Students’ mental wellbeing has collapsed, and more and more students get burned out before they even complete their studies. This dangerous development must be stopped as soon as possible. As the government is incapable of solving this untenable situation by increasing the students’ income, SYL is demanding that the perpetual right to study is restored to university students.
There have been various attempts to make students graduate faster, from structural reforms to cuts to student finance. Limiting study times has been seen as an efficient way for society to reduce the costs of education. The basic idea is that time spent studying is expensive for society, and by cutting down on study times it is possible to lengthen careers, which are currently deemed to start only after graduation. SYL feels that it is wrong to see studies as something that is separate from the rest of life and society. The division between studies and a career is artificial, and it is also the main reason that it is seen as problematic when study times are extended because of work.
The maximum study time was set at its current level during the Universities Act reform in 2005. Graduation times have been shortened since the reform, but at a cost. Because of the tight schedules fewer and fewer students take part in student exchanges, even though internationalisation is important for both the individual and Finland. The constant pressure to graduate as soon as possible reduces students’ willingness to seize opportunities which would increase their cultural capital.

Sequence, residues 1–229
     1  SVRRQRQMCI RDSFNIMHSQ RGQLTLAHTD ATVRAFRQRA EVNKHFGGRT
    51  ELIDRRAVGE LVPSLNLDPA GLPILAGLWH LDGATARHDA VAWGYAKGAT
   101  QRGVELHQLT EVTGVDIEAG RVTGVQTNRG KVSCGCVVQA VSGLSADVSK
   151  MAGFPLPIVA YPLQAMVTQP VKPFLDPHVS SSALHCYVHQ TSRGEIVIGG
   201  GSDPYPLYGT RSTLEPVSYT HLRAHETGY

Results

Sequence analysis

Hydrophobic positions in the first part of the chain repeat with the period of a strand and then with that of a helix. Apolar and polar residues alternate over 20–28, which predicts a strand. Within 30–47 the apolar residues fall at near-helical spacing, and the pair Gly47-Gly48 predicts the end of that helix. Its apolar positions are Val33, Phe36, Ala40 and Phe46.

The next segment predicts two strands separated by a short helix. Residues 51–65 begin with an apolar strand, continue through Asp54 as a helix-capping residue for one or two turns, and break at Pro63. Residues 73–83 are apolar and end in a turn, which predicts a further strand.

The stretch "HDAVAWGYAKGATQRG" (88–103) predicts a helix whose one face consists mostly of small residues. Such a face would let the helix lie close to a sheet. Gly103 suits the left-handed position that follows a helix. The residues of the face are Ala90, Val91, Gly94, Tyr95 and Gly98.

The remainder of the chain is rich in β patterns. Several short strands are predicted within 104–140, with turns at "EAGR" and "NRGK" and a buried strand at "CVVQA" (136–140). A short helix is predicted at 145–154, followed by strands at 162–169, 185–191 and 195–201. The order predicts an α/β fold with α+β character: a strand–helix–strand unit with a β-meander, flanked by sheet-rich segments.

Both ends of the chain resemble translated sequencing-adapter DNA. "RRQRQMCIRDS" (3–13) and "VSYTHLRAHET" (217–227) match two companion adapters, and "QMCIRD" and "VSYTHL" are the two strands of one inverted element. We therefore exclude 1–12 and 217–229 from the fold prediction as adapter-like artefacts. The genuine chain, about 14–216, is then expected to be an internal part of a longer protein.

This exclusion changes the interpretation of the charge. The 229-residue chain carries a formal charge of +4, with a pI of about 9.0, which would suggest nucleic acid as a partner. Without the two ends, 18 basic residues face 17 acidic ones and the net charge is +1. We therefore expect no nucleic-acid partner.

In addition to lost opportunities, the short study times also cost students their health. Research has shown that students’ wellbeing and coping really is at stake. Because of an insufficient income, tens of thousands of students work during their studies. When a student’s proper working day is over, they then have to do a second day’s work to get a sufficient income. The pressure causes illness and burnout. The total costs of the degree restrictions are high when you include the effects on students’ health.
The “incentives” which have been built into the financial aid for students also demand almost superhuman performance from students. In reality they are more like extortion, as the financial aid stops if students do not achieve the required number of credits or graduate within the target time. This suggest a suspicious and cynical attitude towards students in society, as it is thought that the students’ only aim and purpose should be to graduate as quickly as possible. A student should not be a cog in a wheel, but a human being.
Students have received a lot of sympathy and encouragement recently, but the extortion related to graduation times and income continues. If the government is not prepared to improve the financial circumstances of students, then extending the study times is the only remaining option to reduce the plight of students. This is why SYL demands perpetual rights to study for university students.
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